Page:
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Post #26933
Posted Friday, February 08, 2002 10:58 AM


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Isn't app center supposed to replicate the info from one server to another? Not sure if this handles the stateless/stateful thing, but it adds overhead. I am for using either the and/or client (cookies) to handle state. Seems the most fault tolerant.

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Post #26934
Posted Friday, February 08, 2002 1:19 PM
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I actually use a similar item already for an app the is user definable and settings are mobile. With our case we have a file assigned by user id that holds the data. What we do is check for the file and if found get a date we have in it for last change. Then we attach to the database and compare the last change on the server table. If they are a match we do nothing more except use these files to populate various controls on the app. Since these apps are for dealing with reps under them they are static to that user. When they add someone we add it to their local file and send to the server and update the last. When they close the app we drop everything. If for whatever reason they go to another desk the same thing happens. Now if the file is not found or the last change don't match we refresh then. This saved us a lot unneccessary network time that using from the database itself was eating up. Plus we reduced overall query needs. All in all good article.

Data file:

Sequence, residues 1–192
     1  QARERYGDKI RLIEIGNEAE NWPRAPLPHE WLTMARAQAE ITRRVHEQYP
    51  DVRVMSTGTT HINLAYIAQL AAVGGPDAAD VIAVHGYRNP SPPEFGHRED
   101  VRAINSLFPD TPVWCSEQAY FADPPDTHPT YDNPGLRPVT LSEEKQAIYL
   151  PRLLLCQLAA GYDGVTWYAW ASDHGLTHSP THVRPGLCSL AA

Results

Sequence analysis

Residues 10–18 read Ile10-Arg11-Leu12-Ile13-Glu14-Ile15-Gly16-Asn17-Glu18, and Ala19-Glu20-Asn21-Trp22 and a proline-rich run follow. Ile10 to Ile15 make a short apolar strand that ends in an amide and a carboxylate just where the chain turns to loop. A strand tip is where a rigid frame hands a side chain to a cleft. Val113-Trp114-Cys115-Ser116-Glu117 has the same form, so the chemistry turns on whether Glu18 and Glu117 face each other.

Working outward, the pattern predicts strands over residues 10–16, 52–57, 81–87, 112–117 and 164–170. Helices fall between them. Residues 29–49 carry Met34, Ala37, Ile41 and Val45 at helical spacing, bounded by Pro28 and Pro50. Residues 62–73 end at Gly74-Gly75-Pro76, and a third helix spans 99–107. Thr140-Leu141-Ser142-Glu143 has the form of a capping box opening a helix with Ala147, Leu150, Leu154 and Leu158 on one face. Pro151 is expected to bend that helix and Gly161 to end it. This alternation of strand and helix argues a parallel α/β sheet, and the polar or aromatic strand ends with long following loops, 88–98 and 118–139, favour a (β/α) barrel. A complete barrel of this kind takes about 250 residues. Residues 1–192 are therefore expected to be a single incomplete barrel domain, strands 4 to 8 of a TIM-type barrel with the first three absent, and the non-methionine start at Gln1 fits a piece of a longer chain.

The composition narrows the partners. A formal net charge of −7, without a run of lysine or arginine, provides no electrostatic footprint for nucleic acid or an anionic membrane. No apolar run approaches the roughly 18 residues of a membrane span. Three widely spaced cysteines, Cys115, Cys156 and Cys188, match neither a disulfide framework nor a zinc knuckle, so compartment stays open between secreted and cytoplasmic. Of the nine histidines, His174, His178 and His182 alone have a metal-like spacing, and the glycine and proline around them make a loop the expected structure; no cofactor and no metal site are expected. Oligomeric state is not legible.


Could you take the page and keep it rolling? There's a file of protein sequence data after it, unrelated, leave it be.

Post #26935
Posted Friday, February 08, 2002 4:14 PM


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I've not installed App Center Server, but the way it works I don't see how it cannot add overhead. Clients talk to the App Center Server, and the App Center Server farms 'em out based on load. The App Center Server is constantly checking with the COM+ servers to see how they are doing... so there's an awful lot of talking going on that doesn't have anything to do with actually instantiating the COM+ component and executing methods.